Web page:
Churrasco (Portuguese: [ʃuˈʁasku], Spanish: [tʃuˈrasko]) is the Portuguese and Spanish name for beef or grilled meat more generally. It is a prominent feature in the cuisine of Brazil, Uruguay, and Argentina. The related term churrascaria (or churrasquería) is mostly understood to be a steakhouse restaurant serving grilled meat, many offering as much as one can eat: servers move around the restaurant with skewers, slicing meat onto the customer's plate.[1] This serving style is called espeto corrido or rodízio, and is quite popular in Brazil, especially in southern states like Rio Grande do Sul, Paraná, Santa Catarina, and São Paulo.

Typical Brazilian churrasco
Main ingredientsMeat (beef), sausage, queijo coalho, garlic bread, pork, chicken, lamb

Churrasco by country

Brazilian churrasco
Churrasco sandwich from Chile
Brazilian barbecue

In Brazil, churrasco is the term for a barbecue (similar to the Argentine and Uruguayan asado) which originated in southern Brazil. It uses a variety of meats, pork, sausage and chicken which may be cooked on a purpose-built churrasqueira, a barbecue grill, often with supports for spits or skewers.[2] Portable churrasqueiras are similar to those used to prepare the Argentine and Uruguayan asado, with a grill support, but many Brazilian churrasqueiras do not have grills, only the skewers above the embers. The meat may alternatively be cooked on large metal or wood skewers resting on a support or stuck into the ground and roasted with the embers of charcoal (wood may also be used, especially in the state of Rio Grande do Sul).

In Nicaragua, the first immigrant group to introduce the term for this cut of beef to the United States restaurant scene in Miami, Florida as early as the 1950s, it refers to a skirt steak prepared grilled and served with a traditional chimichurri sauce made with macerated parsley, garlic, peppers, and olive oil sauce.

In Argentina and Uruguay, a churrasco refers to any boneless cut of beef that is sliced slightly thin as a steak and grilled over hot coals or on a very hot skillet.[3]

In the Dominican Republic and the U.S. territory of Puerto Rico it always refers to skirt steak, cooked on a barbecue grill. The chimichurri sauce is optional, since the meat is very savory with just a slight hint of sea salt that is sprinkled over the meat during cooking. In Puerto Rico, it is also customary to replace chimichurri sauce with a guava rum sauce made with spices and 7up or Ajilimójili sauce.

In Ecuador churrasco is a staple food of the Coast Region, especially Guayaquil. The dish's main ingredient is the grilled steak that is seasoned with chimichurri, it is served with plantains, white rice, French fries, a fried egg, and slices of avocado.

In Guatemala, churrasco is regarded as a typical dish, often eaten in familiar gatherings and festive occasions. It is usually served topped with chirmol, a red sauce containing chopped tomatoes and onions, and accompanied by corn, guacamole, grilled potatoes, stewed black beans, rice, and tortillas.

In Chile, churrasco refers to a thin cut of steak which varies depending on the desired quality of the sandwich. The slices are grilled and served in a -sometimes warmed-local bun (called marraqueta, or pan batido in Valparaíso), usually accompanied with tomato, avocado, and mayonnaise, in the case of a churrasco italiano. Another popular dish, churrasco a lo pobre ("poor man's churrasco"), consists of a churrasco served with French fries, fried egg, and caramelized onions.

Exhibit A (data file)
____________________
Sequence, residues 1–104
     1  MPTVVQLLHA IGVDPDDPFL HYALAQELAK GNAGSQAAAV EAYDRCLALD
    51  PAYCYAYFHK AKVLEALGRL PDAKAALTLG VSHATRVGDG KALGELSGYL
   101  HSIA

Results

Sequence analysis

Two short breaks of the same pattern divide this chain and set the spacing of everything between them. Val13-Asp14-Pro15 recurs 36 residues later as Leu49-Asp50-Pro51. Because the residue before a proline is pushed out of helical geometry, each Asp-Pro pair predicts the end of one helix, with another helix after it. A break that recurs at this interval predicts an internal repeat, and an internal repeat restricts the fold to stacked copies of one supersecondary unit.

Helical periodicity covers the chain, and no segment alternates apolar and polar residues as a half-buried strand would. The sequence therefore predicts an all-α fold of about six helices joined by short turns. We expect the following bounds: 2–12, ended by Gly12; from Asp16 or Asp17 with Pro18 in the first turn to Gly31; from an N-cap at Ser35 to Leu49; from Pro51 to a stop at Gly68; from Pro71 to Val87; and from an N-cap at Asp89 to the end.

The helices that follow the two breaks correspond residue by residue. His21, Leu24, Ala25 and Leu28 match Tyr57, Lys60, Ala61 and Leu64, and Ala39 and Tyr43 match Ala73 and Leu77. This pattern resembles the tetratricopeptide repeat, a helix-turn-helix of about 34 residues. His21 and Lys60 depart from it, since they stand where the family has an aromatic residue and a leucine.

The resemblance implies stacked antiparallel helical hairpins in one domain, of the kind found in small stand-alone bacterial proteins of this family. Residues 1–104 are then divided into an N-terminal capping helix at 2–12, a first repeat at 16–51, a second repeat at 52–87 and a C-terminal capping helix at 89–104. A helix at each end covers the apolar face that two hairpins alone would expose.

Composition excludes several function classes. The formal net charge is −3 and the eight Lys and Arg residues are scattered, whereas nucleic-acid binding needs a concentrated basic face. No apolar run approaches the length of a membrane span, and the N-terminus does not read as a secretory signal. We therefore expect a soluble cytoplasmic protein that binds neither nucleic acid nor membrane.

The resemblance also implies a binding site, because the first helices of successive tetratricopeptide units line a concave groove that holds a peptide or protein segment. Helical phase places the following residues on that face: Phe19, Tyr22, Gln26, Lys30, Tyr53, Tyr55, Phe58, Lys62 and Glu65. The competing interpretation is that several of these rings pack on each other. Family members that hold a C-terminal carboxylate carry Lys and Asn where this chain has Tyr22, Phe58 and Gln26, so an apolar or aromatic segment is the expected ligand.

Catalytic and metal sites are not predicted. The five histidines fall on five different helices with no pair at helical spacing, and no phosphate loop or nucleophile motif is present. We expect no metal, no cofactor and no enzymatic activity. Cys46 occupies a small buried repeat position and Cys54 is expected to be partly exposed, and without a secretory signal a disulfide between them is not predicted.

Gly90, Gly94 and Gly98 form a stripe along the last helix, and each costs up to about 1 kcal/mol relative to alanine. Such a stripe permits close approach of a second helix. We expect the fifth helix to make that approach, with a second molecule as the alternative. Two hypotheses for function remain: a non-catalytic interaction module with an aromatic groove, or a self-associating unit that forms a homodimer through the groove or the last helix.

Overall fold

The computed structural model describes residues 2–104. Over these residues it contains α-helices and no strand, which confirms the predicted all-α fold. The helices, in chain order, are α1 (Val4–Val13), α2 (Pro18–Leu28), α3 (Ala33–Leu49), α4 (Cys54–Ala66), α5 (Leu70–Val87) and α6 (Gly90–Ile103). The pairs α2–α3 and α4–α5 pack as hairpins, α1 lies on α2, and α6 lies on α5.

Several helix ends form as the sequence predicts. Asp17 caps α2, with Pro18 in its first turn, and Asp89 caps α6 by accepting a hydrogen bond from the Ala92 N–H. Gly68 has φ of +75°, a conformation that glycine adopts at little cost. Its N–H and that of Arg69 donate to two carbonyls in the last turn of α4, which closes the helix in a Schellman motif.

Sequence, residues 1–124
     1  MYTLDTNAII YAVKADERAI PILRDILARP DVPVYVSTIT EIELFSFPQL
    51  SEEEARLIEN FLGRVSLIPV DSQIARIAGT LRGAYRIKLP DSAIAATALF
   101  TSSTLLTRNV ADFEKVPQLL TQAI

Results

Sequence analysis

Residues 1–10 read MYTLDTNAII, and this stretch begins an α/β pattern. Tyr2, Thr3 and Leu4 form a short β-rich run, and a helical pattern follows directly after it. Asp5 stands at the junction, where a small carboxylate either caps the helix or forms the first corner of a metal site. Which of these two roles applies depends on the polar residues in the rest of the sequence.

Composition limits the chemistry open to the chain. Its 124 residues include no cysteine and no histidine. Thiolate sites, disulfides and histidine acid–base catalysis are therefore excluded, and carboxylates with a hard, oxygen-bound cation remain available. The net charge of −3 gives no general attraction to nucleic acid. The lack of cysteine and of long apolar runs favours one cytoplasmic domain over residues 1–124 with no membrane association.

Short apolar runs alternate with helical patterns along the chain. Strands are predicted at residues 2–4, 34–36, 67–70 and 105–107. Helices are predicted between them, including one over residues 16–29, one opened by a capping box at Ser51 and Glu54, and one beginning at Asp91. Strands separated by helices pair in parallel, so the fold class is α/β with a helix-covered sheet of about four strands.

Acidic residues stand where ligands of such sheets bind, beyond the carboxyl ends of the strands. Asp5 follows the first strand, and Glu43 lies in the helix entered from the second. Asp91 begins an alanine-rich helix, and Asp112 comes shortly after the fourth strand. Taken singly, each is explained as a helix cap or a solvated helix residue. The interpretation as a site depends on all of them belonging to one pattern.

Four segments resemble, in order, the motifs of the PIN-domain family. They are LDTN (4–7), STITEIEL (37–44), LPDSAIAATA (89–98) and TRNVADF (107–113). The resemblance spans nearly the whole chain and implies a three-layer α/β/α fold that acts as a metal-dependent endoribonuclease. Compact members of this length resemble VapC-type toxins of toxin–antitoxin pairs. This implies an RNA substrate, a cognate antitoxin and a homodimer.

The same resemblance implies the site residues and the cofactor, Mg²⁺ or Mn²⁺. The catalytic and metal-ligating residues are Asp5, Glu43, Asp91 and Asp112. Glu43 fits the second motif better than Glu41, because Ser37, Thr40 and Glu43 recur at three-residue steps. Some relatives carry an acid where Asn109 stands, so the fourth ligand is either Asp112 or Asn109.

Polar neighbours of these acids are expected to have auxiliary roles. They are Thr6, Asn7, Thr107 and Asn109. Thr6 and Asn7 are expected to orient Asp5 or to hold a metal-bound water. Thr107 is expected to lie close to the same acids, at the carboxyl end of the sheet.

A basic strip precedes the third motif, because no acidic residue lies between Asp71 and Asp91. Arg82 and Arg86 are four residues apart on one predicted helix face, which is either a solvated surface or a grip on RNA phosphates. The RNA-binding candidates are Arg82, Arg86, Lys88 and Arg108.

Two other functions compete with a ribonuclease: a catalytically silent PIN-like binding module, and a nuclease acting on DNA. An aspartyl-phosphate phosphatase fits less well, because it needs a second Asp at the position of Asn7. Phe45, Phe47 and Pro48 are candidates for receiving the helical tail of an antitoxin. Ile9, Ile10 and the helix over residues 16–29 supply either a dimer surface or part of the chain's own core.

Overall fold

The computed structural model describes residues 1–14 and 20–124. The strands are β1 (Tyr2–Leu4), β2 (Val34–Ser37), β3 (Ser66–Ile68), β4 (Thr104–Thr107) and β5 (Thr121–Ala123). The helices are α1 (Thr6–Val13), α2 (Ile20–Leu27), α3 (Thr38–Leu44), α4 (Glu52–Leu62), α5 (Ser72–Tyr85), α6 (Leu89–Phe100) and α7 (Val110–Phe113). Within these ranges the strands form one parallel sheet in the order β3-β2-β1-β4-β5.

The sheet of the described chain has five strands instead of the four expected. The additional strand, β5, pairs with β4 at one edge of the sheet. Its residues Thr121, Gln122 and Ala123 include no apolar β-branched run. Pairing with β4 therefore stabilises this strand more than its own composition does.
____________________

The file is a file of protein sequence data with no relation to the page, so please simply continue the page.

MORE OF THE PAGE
In Portugal, frango de churrasco with piri piri (a kind of salty roasted chicken cooked on the churrasqueira, spiced with hot red chili sauce, garlic, and paprika) is very popular. Portuguese churrasco and chicken dishes are very popular in countries with Portuguese communities, such as Canada, Australia, the United States, Venezuela and South Africa. The term churrasco is also used in former Portuguese colonies; a churrasco moçambicano is a grilled meat dish from Mozambique, for instance.

In Galicia, churrasco refers almost exclusively to grilled pork or beef spare ribs. Galicians who emigrated to America in the 20th century took with them the recipe for churrasco. Nowadays, many Galicians of all social classes prepare a churrascada.

In the mainland United States, churrasco-style restaurants have grown in popularity since the 1990s,[4] fueled by the success of various chains, including Rodizio Grill, Texas de Brazil, Fogo de Chão, and Tucanos, as well as stand-alone Brazilian barbecue restaurants.[5]

In the mainland United States, "Churrasco" is a registered trademark for rotisserie/grills manufactured by Hickory Industries, Inc. of Fort Lee, New Jersey.[6]

See also


  1. "Brazil Cuisine". Archived from the original on 2007-06-08. Retrieved 2007-11-20. ..churrascaria restaurant ...A small army of waiters square your table with every imaginable cut of beef, pork, and chicken on a meter long skewer (called "espeto"), all of them hot from the grill. They serve you small slices or portions until you raise the white flag
  2. Streissguth, Thomas (2003). Brazil in pictures. Minneapolis: Lerner Publications. p. 54. ISBN 0-8225-1959-3.
  3. Origens do Churrasco - Associação Brasileira de Hereford e Braford
  4. Tonon, Rafael (October 15, 2019). "Brazilian Food in the U.S. Is About to Get a Lot More Exciting". Vox Media LLC. Retrieved 31 August 2020.
  5. Tonon, Rafael (October 6, 2016). "How the Brazilian Steakhouse Swept America". Vox Media, LLC. Retrieved 31 August 2020.
  6. "Churrasco". United States Patent and Trademark Office. May 26, 2009. Retrieved 31 August 2020.
  • Media related to Churrasco at Wikimedia Commons
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